Basically,having a hunter for a father, I've come to the conclusion that most of the deer have a really big cave that has a tunnel that sends all deer to the Metro DC area during hunting season because they know they're safe here. Only the stupid deer end up being out, which is why I haven't had good chipped venison from a deer my dad's shot in close to 10 years.

So that is why Maryland had none..Rifles=hiding season.
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From: pyrateatlarge
2007-11-14 10:56 pm (UTC)
All the deer in Maryland are implanted at birth with the "Fri-chip." This chip causes them to avoid one of the deer's few remaining predators. . . the asphalt. Back in the day of dirt roads, one never saw roadkill and even on concrete highways, the count is much lower.

The asphalt gives off a cooling breeze under the sun not heat which is a widely-known rumor. . deer enjoy the breeze. The cold-yet-hot asphalt surface also causes a re-alignment in the special scratch-n-sniff non-reflective paint now being used by the Maryland Department of Linepainting. This re-alignment attracts the eye of the deer, causing the large mammal to lick the road. Road licking causes a condition called "Deer Caught In The Headlights" at night, when deer look up into your headlights and literally freeze from the asphalt cooling process.

Now that the "Fri-chip" program has been instituted, the deer now tend to flip motorists off from the roadside instead of being pulled to the asphalt. Please note that this "deer flip" is a painful side-effect of the "Fri-chip" due to the deer not having toes.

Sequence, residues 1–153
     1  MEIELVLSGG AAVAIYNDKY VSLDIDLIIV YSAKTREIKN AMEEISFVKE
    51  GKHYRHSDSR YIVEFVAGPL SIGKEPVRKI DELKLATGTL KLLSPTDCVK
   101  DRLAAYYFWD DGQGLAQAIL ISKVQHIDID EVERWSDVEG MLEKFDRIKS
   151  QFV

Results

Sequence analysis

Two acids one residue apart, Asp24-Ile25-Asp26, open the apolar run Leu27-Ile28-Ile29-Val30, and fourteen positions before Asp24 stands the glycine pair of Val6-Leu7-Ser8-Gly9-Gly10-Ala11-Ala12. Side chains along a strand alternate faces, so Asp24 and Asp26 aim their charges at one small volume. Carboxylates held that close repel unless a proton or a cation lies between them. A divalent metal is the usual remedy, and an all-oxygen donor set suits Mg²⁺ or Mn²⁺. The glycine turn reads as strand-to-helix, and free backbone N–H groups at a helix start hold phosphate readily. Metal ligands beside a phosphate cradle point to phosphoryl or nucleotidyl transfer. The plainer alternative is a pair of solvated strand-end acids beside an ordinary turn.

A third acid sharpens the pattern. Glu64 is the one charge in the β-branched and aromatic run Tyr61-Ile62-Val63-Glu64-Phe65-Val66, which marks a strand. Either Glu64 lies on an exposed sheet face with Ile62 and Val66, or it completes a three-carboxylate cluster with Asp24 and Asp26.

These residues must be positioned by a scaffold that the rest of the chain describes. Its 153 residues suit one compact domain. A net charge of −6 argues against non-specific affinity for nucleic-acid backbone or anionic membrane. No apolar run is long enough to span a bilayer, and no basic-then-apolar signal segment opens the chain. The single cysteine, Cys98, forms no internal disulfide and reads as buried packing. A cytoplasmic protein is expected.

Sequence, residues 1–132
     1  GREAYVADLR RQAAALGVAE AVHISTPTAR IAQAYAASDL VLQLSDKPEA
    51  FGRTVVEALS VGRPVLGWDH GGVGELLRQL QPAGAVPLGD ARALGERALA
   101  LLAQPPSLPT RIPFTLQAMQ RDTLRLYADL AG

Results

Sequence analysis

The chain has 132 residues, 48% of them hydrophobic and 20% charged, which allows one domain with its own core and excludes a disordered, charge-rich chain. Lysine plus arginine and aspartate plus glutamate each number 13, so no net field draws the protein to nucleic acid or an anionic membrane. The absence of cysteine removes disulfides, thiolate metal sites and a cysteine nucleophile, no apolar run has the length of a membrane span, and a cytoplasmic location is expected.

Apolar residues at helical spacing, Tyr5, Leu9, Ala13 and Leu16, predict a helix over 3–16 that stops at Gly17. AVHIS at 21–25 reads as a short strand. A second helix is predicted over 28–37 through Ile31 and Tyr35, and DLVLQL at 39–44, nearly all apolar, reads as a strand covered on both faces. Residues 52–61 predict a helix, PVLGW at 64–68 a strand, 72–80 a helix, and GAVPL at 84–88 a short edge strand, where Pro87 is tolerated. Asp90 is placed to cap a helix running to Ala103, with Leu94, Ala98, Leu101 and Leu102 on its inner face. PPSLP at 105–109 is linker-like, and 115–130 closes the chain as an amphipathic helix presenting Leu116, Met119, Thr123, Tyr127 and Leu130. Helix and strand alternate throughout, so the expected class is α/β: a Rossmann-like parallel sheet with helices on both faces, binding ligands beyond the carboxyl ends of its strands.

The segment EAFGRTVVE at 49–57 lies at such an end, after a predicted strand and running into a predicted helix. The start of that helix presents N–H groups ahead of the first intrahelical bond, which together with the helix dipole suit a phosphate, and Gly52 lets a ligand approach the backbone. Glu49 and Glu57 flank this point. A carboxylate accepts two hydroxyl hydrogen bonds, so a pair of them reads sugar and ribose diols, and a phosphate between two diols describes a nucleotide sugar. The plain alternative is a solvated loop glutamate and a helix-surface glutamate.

Thus, there is a movement in the state senate to promote another veterinary measure for wild deer to stop the "deer flipping" phenomenon. This "To-chip" will stop the deer from causing any undue pain affected from the "Fri-chip."

It is hoped that one day deer will no longer be a road hazzard thanx to the combined efforts of the "Frito chips."
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[User Picture]From: 3fingeredsalute
2007-11-14 11:17 pm (UTC)

Dear, oh dear

I can't attest to all of the states (which is somewhat odd to me, because I have actually lived in several you passed through) but I know that Maryland is pretty good about picking up the dead animals. I say this, because I have had to call for them to come pick some of them up.

Somewhat disturbingly, the DC Metro area had an interesting policy governing these fallen animals. If the carcass is in decent enough condition (and is recovered "in time"), there was a private contractor who would come collect the roadkill and prepare it to provide food for homeless shelters. [insert joke here] I can't find any recent credible mention of it on the Interweb now, but I'm sure it must just be backed up in the tubes. Either that, or a superb example of an urban legend.

Post Note: I did find an interesting site while quickly browsing for the homeless program. Apparently Maryland also MAPS where these deer are struck and collected. They use little red dots (how clever) as well as counts for counties. Interesting study, if you have the stomach for such a thing.
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[User Picture]From: mistressfetch
2007-11-15 03:23 pm (UTC)
I think NC is the place where p*ssed skunks go to commit suicide by jumping out in traffic...I *smelled* at least 3 within a 30 minute stretch of I-77..(and it wasn't a dog fart...)